By Justin Sink - 05/27/12 09:35 AM EDT
Mitt Romney is finding that the lessons he learned in the GOP primary are serving him well against President Obama.
Romney, who is expected to easily secure the 1,144 delegates he needs to sew up the GOP nomination with a victory Tuesday in Texas’s primary, is now employing some of the techniques he used to secure his party's nod to fight back against Obama’s attacks on his private equity background.
But the Romney campaign was quickly able to turn the critique to their advantage, using — as they had before — off-message surrogates and questions about commitment to free-market principles to undermine the core of rival attacks.
Romney’s rebuttal was centered primarily around not conceding an inch on economic issues, and he used the renewed focus on jobs to cast Obama as naive on the way the free market functions.
“There's no question but that he's attacking capitalism, in part I think because he doesn't understand how the free economy works. He's never had a job in the free economy, neither has Vice President Biden,” Romney told Fox News Thursday.
Those comments closely mirrored Romney's response to Newt Gingrich's criticism of his tenure at Bain in January, where one of his campaign ads accused the former House speaker of putting “free markets on trial.”
“A lot of people want to talk about how we create jobs,” Romney said, campaigning in January. “By the way — it is not to walk away from free enterprise. It is not to say that there is something wrong with the free market system. No, it is to hold fast to that system and to make it work for the American people.”
Romney's recent rebuttal carried even greater weight because the Republican challenger was able to point to high-profile Democrats who were balking at the president's line of attack.
When former Obama car czar Steve Rattner called the ad “unfair” and Newark Mayor Cory Booker dubbed the attack “nauseating,” Team Romney quickly pounced, circulating the comments to reporters and cutting web videos that prominently featured the off-message remarks.
That quickly put the Obama campaign on defense, and forced prominent Democrats from states like Connecticut, California, and New York, where donors from companies like Bain Capital wield a heavy influence, to choose sides on the issue. A Republican National Committee web video published Friday mocking the president for the “worst week ever” tallied 14 prominent Democrats expressing some skepticism about the Bain advertisements.
Using off-message surrogates to undermine an opponent's critique came right out of the Romney primary playbook.
When Gingrich and Rick Perry used plant closures in South Carolina to criticize Romney, the Republican frontrunner pointed to prominent conservatives like Rush Limbaugh and Rep. Michael Grimm (R-N.Y.) to undermine the critique. When groups like the U.S. Chamber of Commerce, Club for Growth, and Americans for Prosperity piled on, Gingrich and Perry were forced to retreat and apologize.
Earlier this week, Gingrich said that while he still believes that it is fair to take a critical look at Romney's time at Bain, Democrats should be wary.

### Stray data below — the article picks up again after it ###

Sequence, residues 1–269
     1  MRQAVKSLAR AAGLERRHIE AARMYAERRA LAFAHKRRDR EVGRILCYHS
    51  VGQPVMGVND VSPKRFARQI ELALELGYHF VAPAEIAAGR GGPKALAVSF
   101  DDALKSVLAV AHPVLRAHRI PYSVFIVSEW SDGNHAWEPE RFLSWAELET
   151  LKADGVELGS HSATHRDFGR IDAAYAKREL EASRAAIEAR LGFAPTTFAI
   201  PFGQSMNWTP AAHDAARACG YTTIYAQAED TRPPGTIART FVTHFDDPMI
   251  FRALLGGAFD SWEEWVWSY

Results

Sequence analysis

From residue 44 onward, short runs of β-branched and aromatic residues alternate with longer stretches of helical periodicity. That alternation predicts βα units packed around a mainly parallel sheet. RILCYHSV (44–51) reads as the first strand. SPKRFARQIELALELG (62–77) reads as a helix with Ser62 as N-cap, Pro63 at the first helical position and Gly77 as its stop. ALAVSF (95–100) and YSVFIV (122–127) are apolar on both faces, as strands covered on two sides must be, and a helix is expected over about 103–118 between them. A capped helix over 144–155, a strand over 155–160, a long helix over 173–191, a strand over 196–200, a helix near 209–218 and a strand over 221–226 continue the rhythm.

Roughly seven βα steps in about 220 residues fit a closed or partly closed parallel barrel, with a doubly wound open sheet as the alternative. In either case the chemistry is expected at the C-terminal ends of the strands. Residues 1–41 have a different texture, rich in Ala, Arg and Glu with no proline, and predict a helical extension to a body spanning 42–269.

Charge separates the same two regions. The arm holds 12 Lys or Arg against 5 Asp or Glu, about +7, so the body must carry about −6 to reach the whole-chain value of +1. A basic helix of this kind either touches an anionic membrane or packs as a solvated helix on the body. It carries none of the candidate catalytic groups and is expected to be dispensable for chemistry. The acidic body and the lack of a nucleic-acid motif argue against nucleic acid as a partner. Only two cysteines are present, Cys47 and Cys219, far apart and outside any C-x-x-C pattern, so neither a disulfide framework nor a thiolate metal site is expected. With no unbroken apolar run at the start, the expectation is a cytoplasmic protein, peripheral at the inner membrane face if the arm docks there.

“We found out when we got in a fight with Mitt Romney over this that it didn't work,” Gingrich told CNN.
“The average American looked up and said, ‘it's about free enterprise.’ And it turned out that particular argument simply doesn't work,” he added.
Romney has also benefited from learning the importance of hammering home a singular message on safe turf — particularly when your opponent is out on a limb.
Rick Santorum, thought to be Romney’s most viable Republican challenger when he entered the race, lost steam when his campaign was distracted by social issues like the fight over contraception access and abortion rights.
But rather than getting bogged down in a fight over contraception rights and a so-called war over women, Romney has turned back to economic issues.
“The real war upon women has been waged by [President Obama's] economic policies,” Romney said last month in Connecticut. “Let’s hammer day in and day out what has happened under his policies, and recognize those policies, those things he believes, do not work.”
Santorum also drew fire when he insinuated that the president's agenda was based on “a phony theology… not found in the Bible” while on the stump in Ohio. The candidate defended the comments, which many believed were a backdoor way to highlight the president's controversial pastor Jeremiah Wright, and was widely criticized for doing so.
Romney, who faced a similar flap earlier this month when The New York Times obtained a proposal for a Republican-leaning super-PAC that recommended some $10 million in advertisements playing up Obama's relationship with Wright, took the opposite approach, immediately distancing himself from personal attacks. Recognizing a no-win situation in a way Santorum was unable to, Romney avoided compounding the story and letting it do more damage to his effort.
The presumptive Republican nominee is reaping the benefits of surviving his primary struggle, and the lessons he learned throughout. While there were concerns that Romney's inability to shake his initial challengers might have weakened his campaign, instead he seems to have emerged with the begrudging respect of Republican loyalists.
In a Fox News poll released last week, Romney earned the support of 84 percent of Republicans — only marginally less than the 88 percent of Democrats who said they would back President Obama. Of the Tea Party loyalists that were reportedly wary of a Romney nomination, some 78 percent say they plan to back the Republican nominee and 84 percent say they are extremely or very interested in the election.